Denard Robinson and Rich Rodriguez bonded on a football field covered with snow.
Robinson had come to Ann Arbor from south Florida for a recruiting visit on the second weekend in January 2009. The inside of Michigan Stadium looked whiter than Miss America's teeth.
"You can't tell them, 'Hey, it's the first time it has snowed here in five years,'" Rodriguez joked. "Denard came up with one of his teammates (Adrian Witty). We were at the 'Big House' and they were having the time of their lives. I said, 'Hey, let's make a snow angel.' "
Robinson never had seen snow, let alone someone flap his wings in the stuff.
"So I got on the ground and started making a snow angel," Rodriguez recalled.
Robinson said he also remembers picking up some snow, playfully chucking it at Rodriguez, "and then running pretty fast after that."
Robinson also packed snow into a plastic bag for his return flight.
"Melted on the plane," he said.
If he didn't then, Robinson now feels at home. Michigan's offense is suited perfectly to his prodigious talents, and the result was a record-shredding season.
Robinson became the first player in NCAA history to pass for 2,000 yards and rush for 1,500 in a season. The previous major college record for rushing yards by a quarterback was 1,494, by Air Force's Beau Morgan. Robinson ran for 1,643 with 14 TDs and threw for 2,316 and 16 TDs to help his 7-5 Wolverines to a date with Mississippi State in the Jan. 1 Gator Bowl.
Robinson was named the Big Ten's Offensive Player of the Year, and he joins Ohio State's Terrelle Pryor and Purdue defensive end Ryan Kerrigan as finalists for the Tribune Silver Football, awarded annually to the Big Ten's best player. The winner will be announced Friday.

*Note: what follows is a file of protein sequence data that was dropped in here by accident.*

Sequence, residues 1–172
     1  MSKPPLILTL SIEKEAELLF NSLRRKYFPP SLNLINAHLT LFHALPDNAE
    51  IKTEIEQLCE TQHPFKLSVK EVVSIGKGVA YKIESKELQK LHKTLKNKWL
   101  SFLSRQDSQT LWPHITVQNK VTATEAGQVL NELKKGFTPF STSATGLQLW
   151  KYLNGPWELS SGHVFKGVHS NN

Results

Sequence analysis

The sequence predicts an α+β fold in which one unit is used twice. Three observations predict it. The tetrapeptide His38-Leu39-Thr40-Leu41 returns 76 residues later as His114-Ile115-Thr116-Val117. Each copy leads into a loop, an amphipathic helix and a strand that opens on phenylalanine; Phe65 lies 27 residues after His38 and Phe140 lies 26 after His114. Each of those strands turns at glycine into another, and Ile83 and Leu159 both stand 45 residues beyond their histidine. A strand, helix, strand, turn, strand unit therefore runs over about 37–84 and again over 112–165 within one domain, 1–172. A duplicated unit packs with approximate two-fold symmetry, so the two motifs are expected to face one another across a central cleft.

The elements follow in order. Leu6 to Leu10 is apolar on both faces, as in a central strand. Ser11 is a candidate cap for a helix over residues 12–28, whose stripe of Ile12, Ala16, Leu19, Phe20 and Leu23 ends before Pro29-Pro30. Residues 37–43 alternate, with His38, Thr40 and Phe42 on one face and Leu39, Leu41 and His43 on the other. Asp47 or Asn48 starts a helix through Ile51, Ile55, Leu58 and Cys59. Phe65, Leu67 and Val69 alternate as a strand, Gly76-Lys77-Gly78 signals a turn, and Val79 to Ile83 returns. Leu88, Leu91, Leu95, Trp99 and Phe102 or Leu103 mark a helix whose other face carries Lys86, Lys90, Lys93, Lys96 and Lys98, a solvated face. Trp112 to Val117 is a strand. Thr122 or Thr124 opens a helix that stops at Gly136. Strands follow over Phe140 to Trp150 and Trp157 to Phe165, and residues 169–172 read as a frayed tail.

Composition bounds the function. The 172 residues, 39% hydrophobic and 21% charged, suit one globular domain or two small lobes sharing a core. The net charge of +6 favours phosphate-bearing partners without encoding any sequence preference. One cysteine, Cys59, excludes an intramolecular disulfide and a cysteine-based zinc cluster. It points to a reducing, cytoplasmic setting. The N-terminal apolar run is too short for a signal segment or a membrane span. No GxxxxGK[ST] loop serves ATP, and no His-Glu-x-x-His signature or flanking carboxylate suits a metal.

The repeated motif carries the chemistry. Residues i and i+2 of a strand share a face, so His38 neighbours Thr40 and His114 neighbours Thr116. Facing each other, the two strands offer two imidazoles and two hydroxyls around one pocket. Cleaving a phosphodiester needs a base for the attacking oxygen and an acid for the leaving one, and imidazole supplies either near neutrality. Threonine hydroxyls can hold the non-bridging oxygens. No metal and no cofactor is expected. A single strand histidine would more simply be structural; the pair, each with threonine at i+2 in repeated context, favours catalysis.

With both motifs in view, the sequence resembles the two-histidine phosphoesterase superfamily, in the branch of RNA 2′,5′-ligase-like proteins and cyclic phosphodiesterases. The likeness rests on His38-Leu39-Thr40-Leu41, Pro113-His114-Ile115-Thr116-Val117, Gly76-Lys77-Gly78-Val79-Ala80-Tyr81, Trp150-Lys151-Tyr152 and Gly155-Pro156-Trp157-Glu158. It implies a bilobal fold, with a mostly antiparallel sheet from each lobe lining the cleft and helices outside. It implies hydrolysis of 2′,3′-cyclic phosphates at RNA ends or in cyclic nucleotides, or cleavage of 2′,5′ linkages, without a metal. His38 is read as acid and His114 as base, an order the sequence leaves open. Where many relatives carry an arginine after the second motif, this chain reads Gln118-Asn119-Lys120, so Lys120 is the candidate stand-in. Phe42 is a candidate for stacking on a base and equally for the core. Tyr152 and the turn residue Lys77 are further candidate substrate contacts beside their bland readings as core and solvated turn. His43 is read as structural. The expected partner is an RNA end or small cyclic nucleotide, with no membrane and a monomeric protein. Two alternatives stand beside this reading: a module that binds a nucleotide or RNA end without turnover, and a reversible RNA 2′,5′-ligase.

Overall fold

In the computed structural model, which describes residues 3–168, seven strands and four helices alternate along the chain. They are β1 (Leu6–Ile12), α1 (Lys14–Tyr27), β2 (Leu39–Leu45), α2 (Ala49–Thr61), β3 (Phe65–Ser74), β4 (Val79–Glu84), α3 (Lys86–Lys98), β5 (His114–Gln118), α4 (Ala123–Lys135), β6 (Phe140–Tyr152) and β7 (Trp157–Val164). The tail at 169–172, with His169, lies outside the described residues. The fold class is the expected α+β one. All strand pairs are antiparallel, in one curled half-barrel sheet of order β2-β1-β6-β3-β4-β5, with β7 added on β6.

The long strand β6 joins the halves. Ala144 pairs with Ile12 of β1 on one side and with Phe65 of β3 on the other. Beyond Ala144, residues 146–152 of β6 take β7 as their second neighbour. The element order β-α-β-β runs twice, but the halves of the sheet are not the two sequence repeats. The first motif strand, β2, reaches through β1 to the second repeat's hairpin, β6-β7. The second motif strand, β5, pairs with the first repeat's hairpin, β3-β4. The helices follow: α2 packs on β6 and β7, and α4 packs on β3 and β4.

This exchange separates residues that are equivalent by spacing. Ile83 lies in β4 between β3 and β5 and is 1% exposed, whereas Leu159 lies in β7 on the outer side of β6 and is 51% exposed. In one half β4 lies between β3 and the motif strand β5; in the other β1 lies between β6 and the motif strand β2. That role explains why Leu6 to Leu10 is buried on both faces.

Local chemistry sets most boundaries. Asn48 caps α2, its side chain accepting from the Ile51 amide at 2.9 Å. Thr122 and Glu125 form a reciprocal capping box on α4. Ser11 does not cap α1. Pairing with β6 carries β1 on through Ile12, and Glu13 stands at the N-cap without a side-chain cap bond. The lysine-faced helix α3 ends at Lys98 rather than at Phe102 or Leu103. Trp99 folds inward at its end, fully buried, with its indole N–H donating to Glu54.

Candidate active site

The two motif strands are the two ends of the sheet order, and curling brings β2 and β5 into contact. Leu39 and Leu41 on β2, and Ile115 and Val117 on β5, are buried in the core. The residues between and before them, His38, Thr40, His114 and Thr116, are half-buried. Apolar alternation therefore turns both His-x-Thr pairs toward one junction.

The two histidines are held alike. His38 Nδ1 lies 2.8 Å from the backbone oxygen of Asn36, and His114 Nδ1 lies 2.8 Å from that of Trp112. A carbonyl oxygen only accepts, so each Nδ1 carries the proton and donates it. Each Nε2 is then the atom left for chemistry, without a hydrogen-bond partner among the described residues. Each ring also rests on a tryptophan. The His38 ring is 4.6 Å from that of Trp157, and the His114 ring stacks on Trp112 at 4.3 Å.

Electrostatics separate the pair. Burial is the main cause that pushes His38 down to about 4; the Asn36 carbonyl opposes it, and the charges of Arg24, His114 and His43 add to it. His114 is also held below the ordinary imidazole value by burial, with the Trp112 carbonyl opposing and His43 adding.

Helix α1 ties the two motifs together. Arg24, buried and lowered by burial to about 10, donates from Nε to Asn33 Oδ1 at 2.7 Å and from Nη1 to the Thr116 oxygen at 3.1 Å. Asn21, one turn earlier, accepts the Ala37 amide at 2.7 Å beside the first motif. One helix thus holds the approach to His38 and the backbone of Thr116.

"I thought he had a chance to have a good year," Rodriguez said. "He came out and was a phenomenal competitor."
Keep in mind: Robinson is a sophomore. And at 6 feet and 193 pounds, he got knocked out of four games: Bowling Green (knee), Iowa (shoulder), Illinois (dizziness) and Ohio State (dislocated fingers).
Rodriguez pulled him at Purdue after Robinson threw into double coverage for his second interception (and fourth turnover) of the game.
"He will keep getting better," Rodriguez said. "He's not close to hitting his ceiling yet. That's the fun part."
Robinson, most figured, would choose to play at Florida, a five-hour drive from his hometown of Deerfield Beach. Rivals.com put it at "90 percent" two days before national signing day.
"My family wanted Florida," Robinson said. "But the drive is as long as a trip to Michigan."
And Tim Tebow's decision to return for his senior season didn't help the Gators.
"Denard wanted a chance to play right away," said his high school coach, Art Taylor. "And I told him: Michigan is a great fit for your ability. They run the quarterback lead like we do. It was a match made in heaven."
Rodriguez didn't get to see Robinson play at Deerfield Beach. But he sent his offensive coordinator, Calvin Magee, and area recruiter, Tony Gibson, to watch him practice.
Said Rodriguez: "They called me right from the practice field and said: 'This guy is even better in person than on tape. He has command of the offense and there's no question he can play quarterback.
"And once I met him, you could see he was a guy people would rally around. He has a big smile and a little bounce in his step. This guy loves life, and he's fun to be around."
On the day he committed, Robinson told reporters: "'I want to be the face of Michigan."
Has he done that?
"Not yet," he said. "I haven't proved myself. I still want to make my name like Des (Howard) and Charles Woodson and Tom Brady."
Robinson proved to be perfect fit for Michigan
Sophomore QB a finalist for Tribune's Silver Football after exceeding 2,000 yards passing and 1,500 running
Michigan's Denard Robinson runs the ball against Ohio State. (Reuters)